When we understand how truly limited our knowledge is and always will be, then we can start to guide ourselves naturally toward a deeper understanding of the nature of naval warfare. A culture of constant learning according to the practicing naval tacticians’ own analysis of necessity of deeper research, learning, and exploration of the aspects of warfare will naturally lead to a stronger understanding and application of tactics as a whole in the Navy. Ideally, the long-term outcome would be a generation of naval leaders who truly see tactics and naval operations as central to their profession, and throughout their careers are immersed in profound contemplation of improving of the mental methods available to them in the pursuit of tactical excellence.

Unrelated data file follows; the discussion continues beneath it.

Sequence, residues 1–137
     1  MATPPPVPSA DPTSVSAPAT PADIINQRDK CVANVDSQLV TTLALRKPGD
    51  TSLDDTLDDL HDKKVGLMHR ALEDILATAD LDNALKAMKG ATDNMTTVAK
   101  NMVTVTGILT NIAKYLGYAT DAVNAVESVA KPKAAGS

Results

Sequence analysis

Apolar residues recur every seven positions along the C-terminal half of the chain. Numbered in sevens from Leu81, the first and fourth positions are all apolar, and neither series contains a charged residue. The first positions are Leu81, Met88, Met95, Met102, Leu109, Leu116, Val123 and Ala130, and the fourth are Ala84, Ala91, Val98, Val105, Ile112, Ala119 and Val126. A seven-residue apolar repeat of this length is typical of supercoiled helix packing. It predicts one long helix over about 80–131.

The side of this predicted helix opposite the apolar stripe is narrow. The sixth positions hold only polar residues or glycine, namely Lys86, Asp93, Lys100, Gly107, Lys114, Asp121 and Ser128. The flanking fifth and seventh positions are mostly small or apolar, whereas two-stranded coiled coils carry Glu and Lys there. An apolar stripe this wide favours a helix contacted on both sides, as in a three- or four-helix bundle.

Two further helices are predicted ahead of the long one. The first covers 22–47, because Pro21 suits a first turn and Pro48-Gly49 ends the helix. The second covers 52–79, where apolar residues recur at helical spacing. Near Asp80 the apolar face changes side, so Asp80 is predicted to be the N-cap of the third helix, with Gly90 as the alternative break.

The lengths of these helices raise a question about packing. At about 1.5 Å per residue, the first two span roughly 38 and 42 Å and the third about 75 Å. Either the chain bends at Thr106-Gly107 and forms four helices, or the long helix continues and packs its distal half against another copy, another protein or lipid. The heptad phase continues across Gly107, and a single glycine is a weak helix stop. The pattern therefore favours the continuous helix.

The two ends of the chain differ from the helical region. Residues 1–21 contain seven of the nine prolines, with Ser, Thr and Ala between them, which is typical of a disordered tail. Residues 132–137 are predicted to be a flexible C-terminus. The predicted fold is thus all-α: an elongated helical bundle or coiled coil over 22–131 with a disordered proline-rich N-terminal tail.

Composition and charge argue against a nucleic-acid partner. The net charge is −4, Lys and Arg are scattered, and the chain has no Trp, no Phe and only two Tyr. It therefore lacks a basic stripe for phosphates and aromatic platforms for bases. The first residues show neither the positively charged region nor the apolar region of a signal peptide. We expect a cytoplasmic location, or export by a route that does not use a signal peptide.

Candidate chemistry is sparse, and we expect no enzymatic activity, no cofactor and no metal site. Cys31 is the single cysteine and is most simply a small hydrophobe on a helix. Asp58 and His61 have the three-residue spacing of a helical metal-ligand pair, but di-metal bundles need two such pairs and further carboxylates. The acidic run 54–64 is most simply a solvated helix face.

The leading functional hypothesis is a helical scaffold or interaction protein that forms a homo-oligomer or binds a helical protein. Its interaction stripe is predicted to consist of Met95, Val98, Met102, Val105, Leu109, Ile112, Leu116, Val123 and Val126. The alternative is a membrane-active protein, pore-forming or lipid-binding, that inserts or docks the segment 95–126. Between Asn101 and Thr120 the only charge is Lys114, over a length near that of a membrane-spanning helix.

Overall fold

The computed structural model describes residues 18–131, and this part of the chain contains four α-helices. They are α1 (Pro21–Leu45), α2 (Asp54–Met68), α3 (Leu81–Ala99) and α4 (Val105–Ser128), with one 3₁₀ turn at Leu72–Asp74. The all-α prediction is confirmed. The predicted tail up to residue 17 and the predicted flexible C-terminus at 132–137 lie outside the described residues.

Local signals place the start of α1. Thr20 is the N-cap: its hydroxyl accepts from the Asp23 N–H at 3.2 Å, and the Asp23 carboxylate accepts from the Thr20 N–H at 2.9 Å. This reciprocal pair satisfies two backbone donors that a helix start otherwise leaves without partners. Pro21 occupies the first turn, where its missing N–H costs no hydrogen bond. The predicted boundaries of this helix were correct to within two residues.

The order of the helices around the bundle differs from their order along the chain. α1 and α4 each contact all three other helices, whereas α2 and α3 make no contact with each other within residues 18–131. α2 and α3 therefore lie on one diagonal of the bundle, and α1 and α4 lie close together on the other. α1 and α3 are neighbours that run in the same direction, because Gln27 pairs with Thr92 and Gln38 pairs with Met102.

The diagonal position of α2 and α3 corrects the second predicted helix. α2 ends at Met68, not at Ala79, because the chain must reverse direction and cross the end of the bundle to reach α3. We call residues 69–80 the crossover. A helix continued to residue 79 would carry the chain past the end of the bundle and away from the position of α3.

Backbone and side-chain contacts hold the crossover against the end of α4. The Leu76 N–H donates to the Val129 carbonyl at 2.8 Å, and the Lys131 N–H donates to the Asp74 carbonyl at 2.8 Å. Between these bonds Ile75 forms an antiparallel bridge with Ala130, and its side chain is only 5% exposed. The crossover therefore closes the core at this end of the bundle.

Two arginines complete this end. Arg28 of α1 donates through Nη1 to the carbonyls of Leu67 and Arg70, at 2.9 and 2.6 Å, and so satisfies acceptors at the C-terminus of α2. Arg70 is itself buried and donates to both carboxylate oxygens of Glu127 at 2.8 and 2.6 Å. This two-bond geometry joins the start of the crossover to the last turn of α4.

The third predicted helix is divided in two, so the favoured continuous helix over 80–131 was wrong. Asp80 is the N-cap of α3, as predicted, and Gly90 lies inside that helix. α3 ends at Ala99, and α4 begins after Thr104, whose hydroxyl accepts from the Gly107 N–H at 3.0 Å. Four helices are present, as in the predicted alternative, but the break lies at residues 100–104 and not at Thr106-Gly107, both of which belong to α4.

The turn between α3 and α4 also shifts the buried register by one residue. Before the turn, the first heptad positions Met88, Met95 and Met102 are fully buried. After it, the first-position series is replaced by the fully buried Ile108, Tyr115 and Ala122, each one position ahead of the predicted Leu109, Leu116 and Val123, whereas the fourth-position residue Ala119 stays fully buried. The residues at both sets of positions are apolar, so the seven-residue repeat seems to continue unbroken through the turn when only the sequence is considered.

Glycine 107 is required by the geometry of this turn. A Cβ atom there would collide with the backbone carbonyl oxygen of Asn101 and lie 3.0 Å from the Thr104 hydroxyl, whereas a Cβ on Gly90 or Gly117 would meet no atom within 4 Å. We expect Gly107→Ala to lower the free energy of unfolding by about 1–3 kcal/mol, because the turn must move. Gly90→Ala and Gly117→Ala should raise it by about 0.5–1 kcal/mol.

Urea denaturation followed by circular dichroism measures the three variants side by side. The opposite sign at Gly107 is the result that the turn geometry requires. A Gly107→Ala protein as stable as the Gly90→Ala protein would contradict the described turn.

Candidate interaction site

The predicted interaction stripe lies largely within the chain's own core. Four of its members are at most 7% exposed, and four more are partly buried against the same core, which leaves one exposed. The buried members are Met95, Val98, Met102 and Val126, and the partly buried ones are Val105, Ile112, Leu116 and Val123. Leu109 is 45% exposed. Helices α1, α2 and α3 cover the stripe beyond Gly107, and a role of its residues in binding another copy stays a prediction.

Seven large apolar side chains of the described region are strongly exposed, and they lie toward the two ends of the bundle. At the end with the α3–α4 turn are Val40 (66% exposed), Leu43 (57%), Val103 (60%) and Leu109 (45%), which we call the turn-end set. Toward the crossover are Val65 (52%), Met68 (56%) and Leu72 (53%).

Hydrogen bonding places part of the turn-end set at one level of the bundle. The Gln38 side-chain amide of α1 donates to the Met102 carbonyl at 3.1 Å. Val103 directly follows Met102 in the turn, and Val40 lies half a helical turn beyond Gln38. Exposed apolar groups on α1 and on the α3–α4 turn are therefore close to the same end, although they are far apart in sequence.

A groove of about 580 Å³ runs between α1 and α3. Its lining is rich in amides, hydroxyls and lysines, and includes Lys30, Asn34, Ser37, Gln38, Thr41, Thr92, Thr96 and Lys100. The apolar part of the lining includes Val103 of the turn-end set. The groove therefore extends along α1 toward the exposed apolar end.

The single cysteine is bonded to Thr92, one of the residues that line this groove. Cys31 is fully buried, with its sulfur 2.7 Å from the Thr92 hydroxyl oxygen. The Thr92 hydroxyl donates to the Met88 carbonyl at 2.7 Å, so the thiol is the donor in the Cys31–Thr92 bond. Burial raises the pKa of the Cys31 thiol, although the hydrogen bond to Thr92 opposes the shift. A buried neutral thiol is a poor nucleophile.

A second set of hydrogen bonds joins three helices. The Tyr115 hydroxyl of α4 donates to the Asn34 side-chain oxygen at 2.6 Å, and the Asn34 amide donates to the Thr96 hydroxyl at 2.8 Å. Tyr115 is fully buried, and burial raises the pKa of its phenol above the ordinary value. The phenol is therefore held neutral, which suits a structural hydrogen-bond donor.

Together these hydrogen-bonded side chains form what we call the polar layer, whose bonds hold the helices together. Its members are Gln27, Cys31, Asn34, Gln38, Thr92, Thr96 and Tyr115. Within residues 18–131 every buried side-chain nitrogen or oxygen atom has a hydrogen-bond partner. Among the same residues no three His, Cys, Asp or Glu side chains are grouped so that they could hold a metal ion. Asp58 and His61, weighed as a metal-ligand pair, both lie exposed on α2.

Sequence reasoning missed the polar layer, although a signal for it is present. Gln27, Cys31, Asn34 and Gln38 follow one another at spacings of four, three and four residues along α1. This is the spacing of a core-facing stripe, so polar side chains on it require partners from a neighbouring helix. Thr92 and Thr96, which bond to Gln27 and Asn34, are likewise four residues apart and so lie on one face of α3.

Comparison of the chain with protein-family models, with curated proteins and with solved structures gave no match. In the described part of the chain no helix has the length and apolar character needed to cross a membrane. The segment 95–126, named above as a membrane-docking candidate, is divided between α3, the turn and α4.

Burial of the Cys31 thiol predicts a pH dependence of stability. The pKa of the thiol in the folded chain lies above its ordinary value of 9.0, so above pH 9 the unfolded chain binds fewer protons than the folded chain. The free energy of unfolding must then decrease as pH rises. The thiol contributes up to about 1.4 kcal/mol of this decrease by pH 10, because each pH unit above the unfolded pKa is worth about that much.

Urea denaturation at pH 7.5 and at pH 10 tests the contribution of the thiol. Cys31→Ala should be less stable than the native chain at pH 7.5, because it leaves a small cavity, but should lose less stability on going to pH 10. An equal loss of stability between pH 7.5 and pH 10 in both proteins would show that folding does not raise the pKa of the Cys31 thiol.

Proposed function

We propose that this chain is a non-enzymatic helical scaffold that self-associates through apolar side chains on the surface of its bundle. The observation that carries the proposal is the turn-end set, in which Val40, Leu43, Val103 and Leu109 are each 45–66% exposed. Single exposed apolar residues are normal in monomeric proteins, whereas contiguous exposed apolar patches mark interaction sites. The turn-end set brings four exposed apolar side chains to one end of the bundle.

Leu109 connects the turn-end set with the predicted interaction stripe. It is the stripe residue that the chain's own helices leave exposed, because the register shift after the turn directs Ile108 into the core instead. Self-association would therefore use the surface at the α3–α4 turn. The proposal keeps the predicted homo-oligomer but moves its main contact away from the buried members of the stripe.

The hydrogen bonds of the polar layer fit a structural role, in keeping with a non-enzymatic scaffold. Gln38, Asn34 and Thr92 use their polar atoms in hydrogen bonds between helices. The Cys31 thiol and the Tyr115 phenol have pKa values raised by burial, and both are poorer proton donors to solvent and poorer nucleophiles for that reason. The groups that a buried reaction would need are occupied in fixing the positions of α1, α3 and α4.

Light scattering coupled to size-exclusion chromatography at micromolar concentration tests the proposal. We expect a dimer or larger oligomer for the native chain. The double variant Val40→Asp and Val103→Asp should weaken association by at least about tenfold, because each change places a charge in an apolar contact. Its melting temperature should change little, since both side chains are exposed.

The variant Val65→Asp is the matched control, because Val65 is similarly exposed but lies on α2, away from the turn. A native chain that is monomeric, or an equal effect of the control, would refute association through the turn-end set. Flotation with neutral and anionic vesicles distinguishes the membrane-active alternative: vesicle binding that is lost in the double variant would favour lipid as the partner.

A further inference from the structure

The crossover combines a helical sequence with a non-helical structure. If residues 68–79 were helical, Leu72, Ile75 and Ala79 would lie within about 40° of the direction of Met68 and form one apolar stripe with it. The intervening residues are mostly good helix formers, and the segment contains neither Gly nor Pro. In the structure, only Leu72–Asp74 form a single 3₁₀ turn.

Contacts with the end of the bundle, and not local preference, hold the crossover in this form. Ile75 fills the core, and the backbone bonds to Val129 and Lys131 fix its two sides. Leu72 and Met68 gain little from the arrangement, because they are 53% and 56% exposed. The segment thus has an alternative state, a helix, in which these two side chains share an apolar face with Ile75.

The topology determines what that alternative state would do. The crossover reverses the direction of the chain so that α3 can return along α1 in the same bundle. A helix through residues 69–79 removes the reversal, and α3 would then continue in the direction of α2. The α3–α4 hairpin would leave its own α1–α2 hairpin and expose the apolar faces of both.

Benjamin Clark is a Professional Electrical Engineer, and Lieutenant in the Navy Reserve. He earned his Master’s in Electrical Engineering from University of California, Riverside with a specialty in power systems and electrical power markets, and is a 2012 graduate of the U.S. Naval Academy. His views are his own and do not necessarily represent the official views of his employer or the government departments he is associated with. He can be contacted at email@example.com.
Featured Image: Lt. Aaron Van Driessche, a warfare tactics instructor at the Center for Surface Combat Systems (CSCS), Detachment San Diego, pilots the U.S. Navy’s virtual combat curriculum with Sailors aboard USS Paul Hamilton (DDG 60) inside the newly launched portable simulator, the On Demand Trainer, on Jan. 6, 2020. US Navy photo.